Iron ore shipments rebound nicely in 2010

Iron ore shipment rates on the Great Lakes have returned to 21st-century levels judging from numbers released Tuesday by the Lake Carriers' Association.

Loading taconite
The Cason J. Callaway loads taconite pellets in Two Harbors. (Submitted photo / Vicki Holisky-Crets)

Iron ore shipment rates on the Great Lakes have returned to 21st-century levels judging from numbers released Tuesday by the Lake Carriers' Association.

After a dismal 2009, when shipping tonnage sunk to its lowest level since 1938, the first three quarters of 2010 show that the amount of ore leaving ports is double what it was at this time last year and on par with the five-year average.

"It's not tough to improve on 2009," said Glen Nekvasil, a spokesman for the Lake Carriers' Association, which tracks the shipments of 55 lakers at seven ports in the United States and three in Quebec. "Things look good."

Ports on Lake Superior include Duluth, Superior, Two Harbors and Silver Bay.

Two Harbors, the top iron ore shipping port on the lakes, saw a 43 percent increase in shipping in September over last year with 10.2 million tons through the first three quarters of 2010, up from 3.56 million tons by this time last year. The five-year average for the first nine months in Two Harbors is 8.4 million tons, meaning shipping is up 18 percent overall and reaching levels that haven't been seen since 2006. Two Harbors accounted for a third of the tonnage leaving U.S. ports through September.


The Duluth port has shipped 4.1 million tons of ore the past nine months, about the same rate as last year and just below the 4.9 million five-year average. In Superior, year-to-date shipments are more than triple, at 5.6 million tons in the first three quarters, compared to 1.7 million last year. The five-year nine-month average in Superior is 7 million tons.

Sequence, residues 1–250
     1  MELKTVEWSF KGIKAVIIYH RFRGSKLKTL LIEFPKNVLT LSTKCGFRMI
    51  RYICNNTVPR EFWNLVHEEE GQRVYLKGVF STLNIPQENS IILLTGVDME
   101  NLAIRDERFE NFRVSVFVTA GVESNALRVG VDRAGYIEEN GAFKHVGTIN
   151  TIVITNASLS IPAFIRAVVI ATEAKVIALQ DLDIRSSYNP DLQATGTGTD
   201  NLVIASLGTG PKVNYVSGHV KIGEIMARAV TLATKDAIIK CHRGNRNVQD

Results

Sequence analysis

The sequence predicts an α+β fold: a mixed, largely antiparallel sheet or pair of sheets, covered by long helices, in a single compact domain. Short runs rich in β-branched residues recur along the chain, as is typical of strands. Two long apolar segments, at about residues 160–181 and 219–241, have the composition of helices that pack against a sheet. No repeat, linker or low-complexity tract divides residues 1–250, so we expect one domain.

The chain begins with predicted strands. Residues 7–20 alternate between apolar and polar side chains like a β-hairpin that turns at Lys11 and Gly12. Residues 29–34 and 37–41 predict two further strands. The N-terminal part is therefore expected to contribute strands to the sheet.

"We've made strong gains," said CN Railway spokesman Patrick Waldron. The company has made "dozens" of new hires at its docks in Two Harbors and Duluth and is investing in new ore cars to keep up with the demand, Waldron said.

Car loads of iron ore were up 71 percent through mid-September, Waldron said, and, through July, CN loaded 238 ships in Two Harbors and Duluth compared to 117 in the same time frame in 2009.

"It's one of the strongest years we've seen," Waldron said.

Half of CN's workforce in Two Harbors and Duluth was furloughed as business dipped last year and mines shut down on the Iron Range. The railroad hired 35 new employees the past year and expects to hire more. CN has been running about a dozen trains a day to Lake Superior ports. "People remember last year when there were no trains or just one," Waldron said.

Northshore Mining in Silver Bay has seen a similar jump in outgoing ore. Shipments in September were up 14 percent from the five-year average and 5.1 million tons have been shipped year to date compared to 1.4 million in 2009.

Last summer Northshore closed for three months because of a lack of demand for ore pellets. Over the winter, owner Cliffs Natural Resources began hiring again as demand rose. The number of jobs in Babbitt and Silver Bay has stabilized at about 650 employees, Cliffs spokeswoman Pat Persico said.

"It's been a strong year so far," she said.

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